York County plans to launch syringe exchange program for heroin addicts

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YORK, Pa. -- The number of heroin-related deaths in York County has been rising over the past few years. In 2015, there were 65 heroin-related deaths, while in 2013, there were 17.

Because of the growing problem, the county's heroin task force plans to launch a syringe exchange program.

The program is mobile and representatives will go out into the community and distribute bags with clean syringes and exchange them for used ones.

Pam Gay has been York County coroner for two years and said the heroin epidemic is not just a problem here, it's a problem throughout the state. She said people who use heroin are going to use no matter if their needles are clean or dirty. So giving them clean needles only lowers the risk of spreading diseases.

Gay said, "These programs do not increase IV drug use in the cities that they go into. In fact quite the opposite they actually over time decrease HIV, Hepatitis C rates drastically that are contracted through IV drug use."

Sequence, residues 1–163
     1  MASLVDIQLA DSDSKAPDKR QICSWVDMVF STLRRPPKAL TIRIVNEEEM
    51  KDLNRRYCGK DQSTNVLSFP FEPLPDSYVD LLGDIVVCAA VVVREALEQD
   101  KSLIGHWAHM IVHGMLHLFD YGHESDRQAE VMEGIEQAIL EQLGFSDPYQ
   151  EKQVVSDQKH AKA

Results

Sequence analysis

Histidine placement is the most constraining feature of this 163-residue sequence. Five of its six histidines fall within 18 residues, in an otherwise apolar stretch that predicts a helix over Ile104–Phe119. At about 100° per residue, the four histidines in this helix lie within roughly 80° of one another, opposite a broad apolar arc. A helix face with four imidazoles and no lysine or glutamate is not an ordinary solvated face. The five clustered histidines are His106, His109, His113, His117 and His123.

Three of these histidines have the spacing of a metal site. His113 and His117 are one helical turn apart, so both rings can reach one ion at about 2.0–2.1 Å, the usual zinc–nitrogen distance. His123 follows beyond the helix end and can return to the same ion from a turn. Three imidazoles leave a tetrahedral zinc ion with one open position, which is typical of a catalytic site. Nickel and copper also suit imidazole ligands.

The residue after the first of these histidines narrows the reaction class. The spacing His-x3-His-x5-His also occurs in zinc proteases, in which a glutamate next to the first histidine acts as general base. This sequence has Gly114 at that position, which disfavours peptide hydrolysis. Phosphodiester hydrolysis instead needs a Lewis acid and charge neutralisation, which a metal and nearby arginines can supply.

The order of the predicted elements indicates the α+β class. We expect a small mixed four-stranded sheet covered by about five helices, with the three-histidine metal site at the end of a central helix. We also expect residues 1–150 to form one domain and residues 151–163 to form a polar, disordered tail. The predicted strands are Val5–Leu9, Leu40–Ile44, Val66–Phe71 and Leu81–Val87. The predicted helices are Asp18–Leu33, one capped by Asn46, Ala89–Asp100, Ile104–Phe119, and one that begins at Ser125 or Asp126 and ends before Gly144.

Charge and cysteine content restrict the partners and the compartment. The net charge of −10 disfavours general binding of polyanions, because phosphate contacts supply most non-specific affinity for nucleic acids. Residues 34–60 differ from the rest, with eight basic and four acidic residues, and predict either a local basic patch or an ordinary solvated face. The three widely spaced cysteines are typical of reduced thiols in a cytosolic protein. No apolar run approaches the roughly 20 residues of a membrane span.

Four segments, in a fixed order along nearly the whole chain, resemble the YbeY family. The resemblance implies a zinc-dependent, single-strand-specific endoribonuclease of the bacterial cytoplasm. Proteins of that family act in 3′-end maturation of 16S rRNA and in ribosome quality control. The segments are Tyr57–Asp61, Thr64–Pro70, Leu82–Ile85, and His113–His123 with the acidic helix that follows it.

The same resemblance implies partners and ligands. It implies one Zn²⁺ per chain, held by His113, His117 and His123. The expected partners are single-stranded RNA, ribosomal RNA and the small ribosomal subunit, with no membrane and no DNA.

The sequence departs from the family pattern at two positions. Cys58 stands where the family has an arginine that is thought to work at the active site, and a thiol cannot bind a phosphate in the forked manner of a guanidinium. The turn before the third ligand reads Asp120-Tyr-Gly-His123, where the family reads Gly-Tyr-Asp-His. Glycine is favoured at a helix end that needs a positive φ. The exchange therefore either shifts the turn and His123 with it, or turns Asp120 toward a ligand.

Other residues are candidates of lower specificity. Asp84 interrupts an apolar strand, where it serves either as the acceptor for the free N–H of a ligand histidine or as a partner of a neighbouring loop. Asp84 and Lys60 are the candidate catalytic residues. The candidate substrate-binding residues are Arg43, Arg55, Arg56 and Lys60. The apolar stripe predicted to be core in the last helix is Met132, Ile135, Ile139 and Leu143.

The program helps more than just the addicts.

"They get the dirty needles off the street so that waste workers don't stick themselves, law enforcement when they come across them in the street, children, sometimes these are around restaurants and playgrounds," she said.

The exchange is privately funded and no taxpayer dollars are being used.

She said, "How it hits home the most is when you say to that person you know if the addict contracts HIV or Hepatitis C, many times they have to apply for Medicaid eventually. You will be paying for their medical treatment that way."

The service also provides resources for the addicts to get clean. Former heroin users volunteer and talk to addicts.

Gay said, "When they see that that person is functioning and contributing back and has a purpose in their life and seems to have their act together, it really inspires some of these individuals to get into treatment."

For more information on the program, go to these websites.